Following the release of The J. Moss Project, he released V2 in 2007, and Just James in 2009. The last time anyone heard from J. Moss was in 2010, with Remixed, Rare & Unreleased. But now, his fourth full-length studio album, The Other Side of Victory, brings 13 new songs into the mix. 

 

The album begins with the upbeat track that proclaims, "God's Got It." It touches on the common struggles of the human world: being unable pay rent, unable to afford gas, going through hard times, etc. The focus here is putting our trust into God and turning to Him because He is ultimately in control. 

 

J. Moss explains to listeners how he trusts God with "Imma Do It." At first listen, it really sounds like the beginning of a Kanye West song. But once you get into the heart of the song, Moss's focus stands apart as he talks more about his perseverance over worldly issues: "Even when they tell me no / Even when they say it ain't so / Even if they laugh at me / Even if they pass by me / Even if they hold me back / Even set me up for attack / Even if my eye can't see it / Imma trust God and believe it."

 

"Take Me" starts with repetitive piano chords and ultimately changes the pace from upbeat to slow and more intimate. This is where listeners really get to know J.Moss. During this track he poses the questions many of us ask: "Have I gone too far away from Your presence? / Oh, my God, I'm running back to You / Have I strayed away too far to hear what You say? / Oh, my God, I'm coming back to You.

 

With his next song, he asks God if he is "Strong Enough." This is another song where he discusses how to trust God again. 

 

J. Moss keeps the serious and intimate theme with "Good & Bad." During this song he gives praises to God for loving him through his good and bad. 

 

The next song is entitled, "Good Day," and features Kierra Sheard and Karen Clark Sheard. This catchy and upbeat track is one of my favorites on the album. If you're having a bad day, just play this track, and you can't help but shout: "I'm gonna have a good day / A good day / A good day.

 

"Caught Up In Love" is another song where J. Moss gives up the praises to God for the positive changes He has made in his life.  

 

"Shout" is the next song on the album, and this gospel hit displays Moss's tenor voice in all the right ways. With the backing choir vocals, you really feel like you are in the gospel church shouting out to God. 

 

The rhythm is changed yet again with this slower tempo song "You Did," which features James Fortune. My least favorite song on the album, I feel that it mostly consists of music rather than lyrics. And in turn, I think it lacks the spiritual punch the rest of the album has.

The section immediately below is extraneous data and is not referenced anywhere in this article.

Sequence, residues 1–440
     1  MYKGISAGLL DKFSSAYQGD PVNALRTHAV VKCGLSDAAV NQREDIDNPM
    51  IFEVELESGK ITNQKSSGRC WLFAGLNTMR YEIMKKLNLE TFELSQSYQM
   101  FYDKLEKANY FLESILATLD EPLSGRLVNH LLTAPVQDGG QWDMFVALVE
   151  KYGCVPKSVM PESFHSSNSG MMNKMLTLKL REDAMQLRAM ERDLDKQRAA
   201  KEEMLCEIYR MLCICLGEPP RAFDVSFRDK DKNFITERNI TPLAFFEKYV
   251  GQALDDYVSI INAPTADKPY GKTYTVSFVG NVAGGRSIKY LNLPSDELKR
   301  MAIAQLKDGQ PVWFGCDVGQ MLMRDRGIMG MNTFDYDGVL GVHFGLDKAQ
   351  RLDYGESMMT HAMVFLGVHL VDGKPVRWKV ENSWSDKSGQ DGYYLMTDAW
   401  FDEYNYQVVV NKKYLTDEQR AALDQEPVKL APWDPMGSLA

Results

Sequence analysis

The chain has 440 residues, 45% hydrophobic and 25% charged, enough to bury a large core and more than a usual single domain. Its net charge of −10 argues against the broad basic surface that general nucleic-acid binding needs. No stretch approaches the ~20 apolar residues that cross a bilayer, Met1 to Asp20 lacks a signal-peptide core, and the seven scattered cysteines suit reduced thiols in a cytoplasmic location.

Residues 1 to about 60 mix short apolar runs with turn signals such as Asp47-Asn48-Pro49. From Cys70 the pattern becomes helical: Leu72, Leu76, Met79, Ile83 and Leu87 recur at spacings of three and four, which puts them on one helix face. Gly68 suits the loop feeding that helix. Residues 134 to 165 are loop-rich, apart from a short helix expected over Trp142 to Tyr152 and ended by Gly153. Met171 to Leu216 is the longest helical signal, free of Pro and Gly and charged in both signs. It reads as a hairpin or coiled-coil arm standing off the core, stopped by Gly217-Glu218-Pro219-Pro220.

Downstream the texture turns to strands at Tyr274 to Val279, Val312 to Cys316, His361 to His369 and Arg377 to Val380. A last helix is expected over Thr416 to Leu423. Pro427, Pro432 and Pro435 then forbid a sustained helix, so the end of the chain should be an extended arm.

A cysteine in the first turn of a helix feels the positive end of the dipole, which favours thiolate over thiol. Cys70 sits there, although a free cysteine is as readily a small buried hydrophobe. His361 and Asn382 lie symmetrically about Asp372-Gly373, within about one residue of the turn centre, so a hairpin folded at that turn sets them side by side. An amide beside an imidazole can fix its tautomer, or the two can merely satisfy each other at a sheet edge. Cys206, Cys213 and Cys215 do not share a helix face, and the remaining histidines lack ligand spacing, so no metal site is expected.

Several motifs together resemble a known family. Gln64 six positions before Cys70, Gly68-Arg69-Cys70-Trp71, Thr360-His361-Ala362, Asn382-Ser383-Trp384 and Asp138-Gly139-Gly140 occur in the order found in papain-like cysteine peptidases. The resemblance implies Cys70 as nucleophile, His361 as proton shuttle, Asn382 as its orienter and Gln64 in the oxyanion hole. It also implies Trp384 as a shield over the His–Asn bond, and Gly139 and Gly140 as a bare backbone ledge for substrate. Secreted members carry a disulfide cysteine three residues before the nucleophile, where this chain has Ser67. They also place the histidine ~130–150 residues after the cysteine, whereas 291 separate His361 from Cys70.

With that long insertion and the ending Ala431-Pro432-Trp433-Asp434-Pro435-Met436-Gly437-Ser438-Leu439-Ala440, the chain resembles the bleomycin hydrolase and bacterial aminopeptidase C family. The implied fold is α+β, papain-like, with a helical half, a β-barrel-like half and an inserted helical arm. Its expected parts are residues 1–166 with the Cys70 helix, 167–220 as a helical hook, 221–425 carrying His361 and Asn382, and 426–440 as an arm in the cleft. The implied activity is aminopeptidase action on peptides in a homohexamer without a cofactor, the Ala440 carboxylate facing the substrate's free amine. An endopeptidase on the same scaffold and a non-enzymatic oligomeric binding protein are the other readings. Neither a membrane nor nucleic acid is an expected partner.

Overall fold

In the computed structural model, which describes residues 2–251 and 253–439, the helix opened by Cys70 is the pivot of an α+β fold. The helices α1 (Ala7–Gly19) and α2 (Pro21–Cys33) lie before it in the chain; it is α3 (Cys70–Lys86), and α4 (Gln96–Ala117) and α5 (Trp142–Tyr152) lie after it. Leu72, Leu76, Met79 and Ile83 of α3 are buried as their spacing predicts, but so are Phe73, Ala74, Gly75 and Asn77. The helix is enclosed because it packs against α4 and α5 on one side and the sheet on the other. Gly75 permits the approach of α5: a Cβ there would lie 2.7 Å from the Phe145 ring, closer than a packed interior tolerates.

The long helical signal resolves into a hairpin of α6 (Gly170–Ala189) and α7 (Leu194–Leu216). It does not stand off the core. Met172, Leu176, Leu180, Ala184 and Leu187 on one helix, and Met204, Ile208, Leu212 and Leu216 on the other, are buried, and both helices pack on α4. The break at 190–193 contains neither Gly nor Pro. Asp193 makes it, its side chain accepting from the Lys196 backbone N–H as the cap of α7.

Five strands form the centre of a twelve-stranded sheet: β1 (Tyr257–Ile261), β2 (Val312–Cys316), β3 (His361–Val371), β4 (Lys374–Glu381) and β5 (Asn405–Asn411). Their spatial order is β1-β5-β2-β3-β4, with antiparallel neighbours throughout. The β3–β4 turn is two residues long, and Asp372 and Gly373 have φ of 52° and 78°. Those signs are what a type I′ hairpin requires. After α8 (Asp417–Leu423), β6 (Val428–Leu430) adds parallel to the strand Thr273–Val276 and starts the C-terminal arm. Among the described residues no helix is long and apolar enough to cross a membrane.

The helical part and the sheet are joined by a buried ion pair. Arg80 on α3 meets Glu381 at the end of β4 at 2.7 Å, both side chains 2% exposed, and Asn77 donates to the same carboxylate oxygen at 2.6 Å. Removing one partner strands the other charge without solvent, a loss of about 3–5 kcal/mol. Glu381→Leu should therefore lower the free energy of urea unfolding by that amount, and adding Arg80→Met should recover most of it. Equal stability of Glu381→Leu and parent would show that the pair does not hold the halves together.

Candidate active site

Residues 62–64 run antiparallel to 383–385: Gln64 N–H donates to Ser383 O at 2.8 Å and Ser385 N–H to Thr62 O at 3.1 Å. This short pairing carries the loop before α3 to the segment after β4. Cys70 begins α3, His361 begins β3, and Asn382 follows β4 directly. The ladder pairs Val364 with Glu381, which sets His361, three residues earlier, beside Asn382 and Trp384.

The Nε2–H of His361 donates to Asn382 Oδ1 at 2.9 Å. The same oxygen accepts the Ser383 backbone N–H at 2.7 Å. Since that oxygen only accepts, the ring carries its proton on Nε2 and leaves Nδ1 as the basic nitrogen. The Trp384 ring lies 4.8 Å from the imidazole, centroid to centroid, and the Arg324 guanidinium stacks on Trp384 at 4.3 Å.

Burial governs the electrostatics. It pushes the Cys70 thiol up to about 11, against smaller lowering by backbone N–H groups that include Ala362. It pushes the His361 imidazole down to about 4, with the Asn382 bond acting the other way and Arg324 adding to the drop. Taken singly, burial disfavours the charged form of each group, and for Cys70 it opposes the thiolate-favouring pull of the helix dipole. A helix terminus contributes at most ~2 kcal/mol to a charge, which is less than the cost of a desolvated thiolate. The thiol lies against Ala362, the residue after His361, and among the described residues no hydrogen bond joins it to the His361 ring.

"Holy Is Your Word" is the next track and sounds like an R&B song rather than a gospel song, until the choir vocals come into play. This is another song where you feel that you have walked into a gospel church.

 

Another one of my favorites on the album is called "Prayers" and features Gospel heavy hitters Hezekiah Walker and LFC & Dorinda Clark Cole. Within the first few seconds of the song, you are immediately inspired to clap your hands and tap your feet.  

 

"The Other Side of Victory" is the title track and is another song on my list of favorites. With the catchy chorus, this is where J.Moss reflects on his life and walk with God. 

 

The album closes with "Keep Your Head Up." I think this is a great ending to the album, with J. Moss encouraging listeners to press on through Christ.




Closing Thoughts:

Although J.Moss has already made quite the name for himself with his previous successes, The Other Side of Victory is only going to add to that. With 13 solid tracks complete with many well known featured artists, meaningful lyrics, and captivating choruses, this album is guaranteed to appeal to many fans, old and new. 


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A Two-Act Album | Posted August-06-2012
It is crazy to think how much one person can achieve in such a short amount of time. In just one year, Chris Cobbins went from unsigned, unknown artist, to being nominated for a Grammy for his work with Lecrae. With hit tracks such as "Medicine", "Twitter Love", and "Chase Me Down", Cobbins has definitely made his way in the Christian rap and hip-hop world. 

 

And he continues to do so by releasing his second album, Better: The Fan Appreciation Album. Complete with 11 new tracks, the album starts off with songs displaying his struggles without having God in his life. "Shooter" kicks off his album, and poses as a simple introduction. It features artist, Canon. "Hangover" is up next, and features PRo. This is one of the first tracks that set up the many struggles Cobbins struggled with. 

 

The theme continues with "No To Myself." This song features Ruslan, and speaks to the many temptations they, like many of us, are faced with, and the struggle to tell yourself no. It really touches on the selfishness we each experience.